I’m not a gambler, but I played the Lottery for the big jackpot. I knew my odds of winning the $1.5 billion dollars was miniscule, but I couldn’t resist throwing down $2 to try. I’m not naive, I didn’t expect to win.
I’ve chuckled at bumper stickers which read, “The Lottery – Gambling for people who are bad at math.” Truer words were never written. Statistics, not in my favor, showed that I had a one in 292.2 million chance at winning. In fact, I was more likely to get struck by lightning; the odds being one in 164,968. The good news is that I had the Powerball number correct, enabling me to recoup my $2. With my newfound luck, perhaps I’d better start ducking storm clouds.
Playing the largest U.S. jackpot in history caused me to dream of wonderful places in the world I’d explore, had I won. Bora Bora, the dreamy South Pacific Island northwest of Tahiti, would have been my first destination. After all, who can resist brilliant sunshine, exotic palm trees, and stunning turquoise lagoons? Yes, fantasizing is fun. Here are a few other places I would go.
Budapest, Hungary, the birthplace of my great grandmother, heads the list. Of appeal is the Castle Hill (Várhegy), a district on the West Side of the Danube which dates to the thirteenth century. Medieval walls and narrow streets remind us that the “defensive neighborhood” was created in response to an attack. There are three main parts of the Castle district; Buda Castle Palace, St. George’s Square, and the historical residences. The Budapest History Museum, located in the southern wing of the Buda Castle, shares the history of Budapest. Visitors may explore the restored part of the primitive castle, including the Royal Chapel and the rib-vaulted Gothic Hall.
The Australian Outback offers a bit of wild adventure. Traveling there affords opportunities to see large varieties of native plants and birds, natural features, and interesting animals such as red kangaroos, dingoes, and brumbies (feral horses). The term “Outback” refers to the remote and dry region of Australia, which makes up a majority of the continent. While most of Australia’s population lives on the coastline, the Outback is sparsely populated. The best way to explore the region is via guided tour. Luxury motor coaches can transport visitors from important sites to resort or rustic accommodations. Professional tour companies offer a variety of entertaining ways to see the vast land, from seaplane rides to jet-boat adventures. High on my bucket list is a trip to Mitchell Falls. This stunning natural attraction is found in The Kimberley, one of nine regions of Western Australia. A guided tour on foot can deliver visitors to the thunderous four-tiered falls. Top the adventure with a scenic helicopter ride, to gain unique aerial impressions of the falls and plateau.
Zurich, the largest city in Switzerland, has tremendous appeal. The city, located on Lake Zurich, boasts an excellent public transit system and free bike rentals. On my wish list is a simple visit to Fraumünster, an Old Town church with a slender blue spire. The historic site was founded in 853 by Emperor Ludwig (Louis the German), grandson of Charlemagne. The present-day church dates from about 1250. The crypt of the old abbey church is preserved below. Fraumünster served as a place of worship for many denominations, including Russian Orthodox, Catholics and Protestants. The church underwent extensive renovations in the 20th century. The addition of stained glass windows, masterfully created by Marc Chagall, brings magnificence to the structure.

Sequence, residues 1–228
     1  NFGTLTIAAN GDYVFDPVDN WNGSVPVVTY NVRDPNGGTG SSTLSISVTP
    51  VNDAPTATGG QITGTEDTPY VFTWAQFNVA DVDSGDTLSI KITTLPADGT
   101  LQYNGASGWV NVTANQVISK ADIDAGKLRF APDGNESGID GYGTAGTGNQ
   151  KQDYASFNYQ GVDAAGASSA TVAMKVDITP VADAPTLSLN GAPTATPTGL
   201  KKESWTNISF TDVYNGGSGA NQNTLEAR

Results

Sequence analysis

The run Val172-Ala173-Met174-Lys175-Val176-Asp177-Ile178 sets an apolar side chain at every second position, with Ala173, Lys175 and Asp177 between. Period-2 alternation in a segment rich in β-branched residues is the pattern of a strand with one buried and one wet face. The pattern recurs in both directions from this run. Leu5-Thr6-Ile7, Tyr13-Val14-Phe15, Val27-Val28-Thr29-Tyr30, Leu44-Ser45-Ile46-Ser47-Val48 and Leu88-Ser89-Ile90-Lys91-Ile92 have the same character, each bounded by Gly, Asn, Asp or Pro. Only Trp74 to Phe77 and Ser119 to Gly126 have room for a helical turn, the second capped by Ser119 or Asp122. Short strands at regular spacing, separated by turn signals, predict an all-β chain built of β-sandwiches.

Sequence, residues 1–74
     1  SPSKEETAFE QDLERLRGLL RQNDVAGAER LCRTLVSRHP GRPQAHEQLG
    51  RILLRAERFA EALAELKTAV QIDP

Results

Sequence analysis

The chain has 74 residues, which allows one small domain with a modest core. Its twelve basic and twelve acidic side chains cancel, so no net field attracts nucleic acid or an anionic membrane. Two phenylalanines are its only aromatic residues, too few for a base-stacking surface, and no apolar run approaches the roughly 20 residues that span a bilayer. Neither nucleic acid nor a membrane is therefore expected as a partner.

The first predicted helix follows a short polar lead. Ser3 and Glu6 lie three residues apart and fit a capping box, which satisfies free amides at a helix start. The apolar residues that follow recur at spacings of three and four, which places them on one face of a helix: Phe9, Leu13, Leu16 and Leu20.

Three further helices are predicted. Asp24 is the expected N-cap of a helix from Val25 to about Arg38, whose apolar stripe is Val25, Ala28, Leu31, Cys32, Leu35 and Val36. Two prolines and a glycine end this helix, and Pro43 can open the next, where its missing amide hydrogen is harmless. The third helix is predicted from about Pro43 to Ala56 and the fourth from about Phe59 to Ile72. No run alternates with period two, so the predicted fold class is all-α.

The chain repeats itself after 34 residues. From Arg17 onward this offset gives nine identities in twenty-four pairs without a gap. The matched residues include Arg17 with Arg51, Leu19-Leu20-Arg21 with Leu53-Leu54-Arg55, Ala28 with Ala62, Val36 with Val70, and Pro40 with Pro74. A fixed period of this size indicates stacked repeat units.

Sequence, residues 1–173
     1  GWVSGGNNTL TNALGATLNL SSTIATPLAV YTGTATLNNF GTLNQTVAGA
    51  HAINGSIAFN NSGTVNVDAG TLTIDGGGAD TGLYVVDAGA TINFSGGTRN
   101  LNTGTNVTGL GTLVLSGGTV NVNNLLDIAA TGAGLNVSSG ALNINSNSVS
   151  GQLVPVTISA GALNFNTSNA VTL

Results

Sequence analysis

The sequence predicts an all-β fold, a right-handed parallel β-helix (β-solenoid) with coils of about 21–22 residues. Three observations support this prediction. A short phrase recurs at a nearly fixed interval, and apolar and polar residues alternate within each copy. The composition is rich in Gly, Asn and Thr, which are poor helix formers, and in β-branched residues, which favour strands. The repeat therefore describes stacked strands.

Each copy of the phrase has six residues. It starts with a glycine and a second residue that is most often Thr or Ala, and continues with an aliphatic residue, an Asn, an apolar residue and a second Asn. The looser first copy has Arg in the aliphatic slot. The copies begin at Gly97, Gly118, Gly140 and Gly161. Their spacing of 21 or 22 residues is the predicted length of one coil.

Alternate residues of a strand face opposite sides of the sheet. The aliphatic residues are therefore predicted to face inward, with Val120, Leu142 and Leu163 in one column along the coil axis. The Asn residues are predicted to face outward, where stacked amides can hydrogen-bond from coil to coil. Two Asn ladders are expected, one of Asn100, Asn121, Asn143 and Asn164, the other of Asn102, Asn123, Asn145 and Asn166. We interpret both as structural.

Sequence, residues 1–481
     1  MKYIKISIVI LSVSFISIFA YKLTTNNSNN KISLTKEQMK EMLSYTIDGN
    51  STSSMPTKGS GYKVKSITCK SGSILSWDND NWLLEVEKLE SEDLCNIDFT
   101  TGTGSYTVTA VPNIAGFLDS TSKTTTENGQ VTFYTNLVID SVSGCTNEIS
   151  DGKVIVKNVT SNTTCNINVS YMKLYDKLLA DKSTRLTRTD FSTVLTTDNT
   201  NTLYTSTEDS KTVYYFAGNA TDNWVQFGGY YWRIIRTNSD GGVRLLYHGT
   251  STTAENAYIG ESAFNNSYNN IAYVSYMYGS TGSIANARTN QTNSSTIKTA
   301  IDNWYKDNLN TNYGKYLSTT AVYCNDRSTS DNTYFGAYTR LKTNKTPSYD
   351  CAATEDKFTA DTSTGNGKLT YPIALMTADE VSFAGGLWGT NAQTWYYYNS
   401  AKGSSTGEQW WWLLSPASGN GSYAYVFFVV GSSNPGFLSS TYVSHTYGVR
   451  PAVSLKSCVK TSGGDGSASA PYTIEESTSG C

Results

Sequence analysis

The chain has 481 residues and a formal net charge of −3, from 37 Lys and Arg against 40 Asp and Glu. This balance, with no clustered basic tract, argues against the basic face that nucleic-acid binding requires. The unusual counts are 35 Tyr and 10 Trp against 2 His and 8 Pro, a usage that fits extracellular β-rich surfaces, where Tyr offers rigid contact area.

I’d go to Gibraltar, surrounded by the glorious Mediterranean Sea. This British Overseas Territory is located on the southern end of the Iberian Peninsula. The Rock of Gibraltar, one of the Pillars of Hercules, is the Crown property of the United Kingdom. The upper area is covered by natural reserves and is home to 300 Barbary macaques (wild monkeys). The tunnels of Gibraltar are an intriguing must-see destination. The early ones served as communication passages between artillery positions and housed guns with embrasures cut into the North Face of the Rock. Larger underground fortresses, and eventually Second World War II tunnels, were later created. Today, some tunnels are open to the public. Many remain in disrepair. The Upper Galleries, excavated during the Great Siege, have become a popular tourist site. No trip to the territory would be complete without a ride on the Gibraltar Cable Car. Built in 1966, and renovated in 1986, the aerial tramway travels up the Rock of Gibraltar to the Ape’s Den at midway. Audio tour guides share historical information as you continue upward. From atop the rock, enjoy the panoramic lookout. Gain breathtaking views across the Strait of Gibraltar to Morocco, from the Bay of Gibraltar towards the Spanish port city of Algeciras, and up the east coast towards Marbella, Spain.
Trekking across oceans to foreign lands has great appeal, but I’m confident there is no place grander to roam than within the United States. Abundant are America’s dramatic natural and geological resources, evident in places like the Grand Canyon, Death Valley, and Niagara Falls. Significant are our rugged mountains, deep valleys, vast oceans, and desert landscapes. Unique are our lazy winding rivers, still lakes, majestic Redwoods, prairie grasses, and wildflowers which dance in the breeze. From the long sandy beaches of the Atlantic to the majestic Glaciers of the Pacific; don’t overlook travel in the very best place of all, right here at home.
Please tell us where you’d go if you had won the Lottery!